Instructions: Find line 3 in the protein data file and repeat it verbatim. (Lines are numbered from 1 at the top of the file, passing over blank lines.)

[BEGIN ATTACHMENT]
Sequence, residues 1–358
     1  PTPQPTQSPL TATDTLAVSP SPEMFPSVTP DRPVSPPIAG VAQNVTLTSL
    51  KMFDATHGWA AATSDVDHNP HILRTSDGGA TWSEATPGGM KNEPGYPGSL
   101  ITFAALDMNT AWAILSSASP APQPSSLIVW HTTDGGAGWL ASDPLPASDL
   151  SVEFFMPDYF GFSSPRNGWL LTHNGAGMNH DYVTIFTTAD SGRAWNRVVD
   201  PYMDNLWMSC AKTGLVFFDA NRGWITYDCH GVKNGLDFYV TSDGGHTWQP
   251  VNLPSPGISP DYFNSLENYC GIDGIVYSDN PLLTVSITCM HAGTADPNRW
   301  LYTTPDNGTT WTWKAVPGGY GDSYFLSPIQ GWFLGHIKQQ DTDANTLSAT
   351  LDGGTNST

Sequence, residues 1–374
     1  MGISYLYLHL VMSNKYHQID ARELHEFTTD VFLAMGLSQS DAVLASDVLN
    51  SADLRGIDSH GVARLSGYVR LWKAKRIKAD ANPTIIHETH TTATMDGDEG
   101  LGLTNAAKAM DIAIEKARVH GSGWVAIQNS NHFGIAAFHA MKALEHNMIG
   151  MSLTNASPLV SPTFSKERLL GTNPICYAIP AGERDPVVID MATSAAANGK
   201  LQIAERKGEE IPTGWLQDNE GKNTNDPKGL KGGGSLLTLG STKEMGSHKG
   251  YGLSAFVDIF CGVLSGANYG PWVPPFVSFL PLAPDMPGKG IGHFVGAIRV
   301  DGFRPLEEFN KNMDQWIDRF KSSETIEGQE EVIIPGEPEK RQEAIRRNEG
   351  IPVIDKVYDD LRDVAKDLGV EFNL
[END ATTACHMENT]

    51  KMFDATHGWA AATSDVDHNP HILRTSDGGA TWSEATPGGM KNEPGYPGSL